On the back there’s a dual camera setup – 12 MP ultra-wide and wide standard cameras with a bigger f/1.6 and f/2.2 aperture size. The camera is quick and has the familiar options available for an iOS device. Night shots and selfie in low-light are now sharper and just better look at. The rear camera can take 4k videos at 60 FPS, while the front camera can shoot it at 30 FPS. The main improvement seems to be the low light performance, and maybe that’s why the new phones also have Night Portrait shots for every model, including from the 12 MP front-facing camera. The new HDR can try to detect the scene now, though you might want to switch it off and try your own way when outdoors. Overall, this is a great camera phone with some industry-leading performance especially for videos and low-light shots, stereo audio recording within apps, the previous phones produced some of the best portrait shots for a smartphone, in my opinion, and that continues to be the case here.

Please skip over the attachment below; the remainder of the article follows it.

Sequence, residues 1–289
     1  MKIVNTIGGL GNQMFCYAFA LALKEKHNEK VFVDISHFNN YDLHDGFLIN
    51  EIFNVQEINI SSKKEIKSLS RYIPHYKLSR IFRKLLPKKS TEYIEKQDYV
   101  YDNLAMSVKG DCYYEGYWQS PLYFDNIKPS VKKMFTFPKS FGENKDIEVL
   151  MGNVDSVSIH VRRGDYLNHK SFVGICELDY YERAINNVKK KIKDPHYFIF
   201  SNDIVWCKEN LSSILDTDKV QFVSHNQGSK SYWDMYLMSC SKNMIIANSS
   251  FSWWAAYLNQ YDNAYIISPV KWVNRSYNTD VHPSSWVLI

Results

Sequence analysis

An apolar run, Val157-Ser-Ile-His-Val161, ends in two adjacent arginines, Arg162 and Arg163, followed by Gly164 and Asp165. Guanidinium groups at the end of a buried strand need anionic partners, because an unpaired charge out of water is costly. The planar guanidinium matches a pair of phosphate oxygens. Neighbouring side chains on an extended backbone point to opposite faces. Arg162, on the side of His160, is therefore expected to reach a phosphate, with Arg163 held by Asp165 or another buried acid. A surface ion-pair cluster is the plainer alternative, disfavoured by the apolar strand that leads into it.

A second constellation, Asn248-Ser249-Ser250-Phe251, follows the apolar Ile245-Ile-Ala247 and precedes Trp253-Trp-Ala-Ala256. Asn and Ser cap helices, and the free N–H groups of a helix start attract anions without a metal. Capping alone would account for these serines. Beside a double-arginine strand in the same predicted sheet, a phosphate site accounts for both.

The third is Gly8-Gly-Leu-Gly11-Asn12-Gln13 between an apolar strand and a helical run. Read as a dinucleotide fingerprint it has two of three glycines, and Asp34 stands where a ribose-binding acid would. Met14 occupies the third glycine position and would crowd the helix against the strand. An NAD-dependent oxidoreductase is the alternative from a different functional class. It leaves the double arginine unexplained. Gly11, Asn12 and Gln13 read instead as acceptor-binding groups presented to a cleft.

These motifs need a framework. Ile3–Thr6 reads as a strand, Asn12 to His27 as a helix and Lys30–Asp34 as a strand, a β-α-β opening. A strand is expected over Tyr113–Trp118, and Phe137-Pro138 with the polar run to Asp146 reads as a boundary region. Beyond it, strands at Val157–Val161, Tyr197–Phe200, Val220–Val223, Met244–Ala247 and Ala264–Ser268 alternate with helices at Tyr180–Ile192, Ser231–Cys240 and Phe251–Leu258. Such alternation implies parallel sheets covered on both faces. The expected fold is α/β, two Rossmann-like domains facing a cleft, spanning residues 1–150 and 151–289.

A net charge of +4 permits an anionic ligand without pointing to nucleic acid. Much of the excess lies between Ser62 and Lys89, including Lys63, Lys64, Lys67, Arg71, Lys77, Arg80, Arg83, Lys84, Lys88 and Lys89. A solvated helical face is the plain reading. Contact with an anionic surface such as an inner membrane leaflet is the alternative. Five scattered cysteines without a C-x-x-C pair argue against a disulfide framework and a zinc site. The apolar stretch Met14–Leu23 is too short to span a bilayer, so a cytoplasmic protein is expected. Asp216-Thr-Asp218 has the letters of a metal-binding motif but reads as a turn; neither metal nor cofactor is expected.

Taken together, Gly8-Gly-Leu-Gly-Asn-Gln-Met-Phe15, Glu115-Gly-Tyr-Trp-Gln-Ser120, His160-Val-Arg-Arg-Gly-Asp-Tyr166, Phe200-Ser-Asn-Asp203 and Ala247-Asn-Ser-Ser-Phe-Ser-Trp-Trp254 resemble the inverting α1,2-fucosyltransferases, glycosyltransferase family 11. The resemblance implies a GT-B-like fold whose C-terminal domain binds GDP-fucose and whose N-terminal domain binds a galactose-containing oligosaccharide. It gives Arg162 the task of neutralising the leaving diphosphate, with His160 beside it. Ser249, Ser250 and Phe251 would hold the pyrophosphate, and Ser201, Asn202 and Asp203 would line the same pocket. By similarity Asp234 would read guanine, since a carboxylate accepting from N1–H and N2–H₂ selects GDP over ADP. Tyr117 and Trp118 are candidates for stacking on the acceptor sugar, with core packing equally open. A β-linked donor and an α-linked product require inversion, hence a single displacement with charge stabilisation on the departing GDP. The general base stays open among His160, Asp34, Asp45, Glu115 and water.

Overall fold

There’s no charging adapter and earphones inside the iPhone 12 box, but the company didn’t reduce the pricing due to that. The phone has 5G, but that shouldn’t be even on your radar considering it’s expected to take anywhere close to 2 years more where 5G can be used mainstream here. Bluetooth, WiFi, WiFi calling, and call quality is all top notch and there are no complaints to make here. Network reception (4G LTE) seems to have been improved and that’s mainly due to the Qualcomm chip X55 being used by Apple this time around.
The phone is powered by 2,815 mAh battery and it lasted me a day comfortably. The improved cellular reception also seems to have contributed to it. It isn’t a huge battery pack, but the phone still does fine with regular use. Some continues gaming and video recording and you might have to charge it again before end of the day.
All in all, the iPhone 12 is a great high-end smartphone that can handle its own in most departments. And here’s the thing, if you have any of the iPhone 11 models, then this might not be that big an upgrade and you can wait longer if your phone is working fine. But if you have an older iPhone or looking to switch to iOS and not sure about which latest model to check, it’s definitely the regular iPhone 12 – the least complicated and most value-provider of the lot.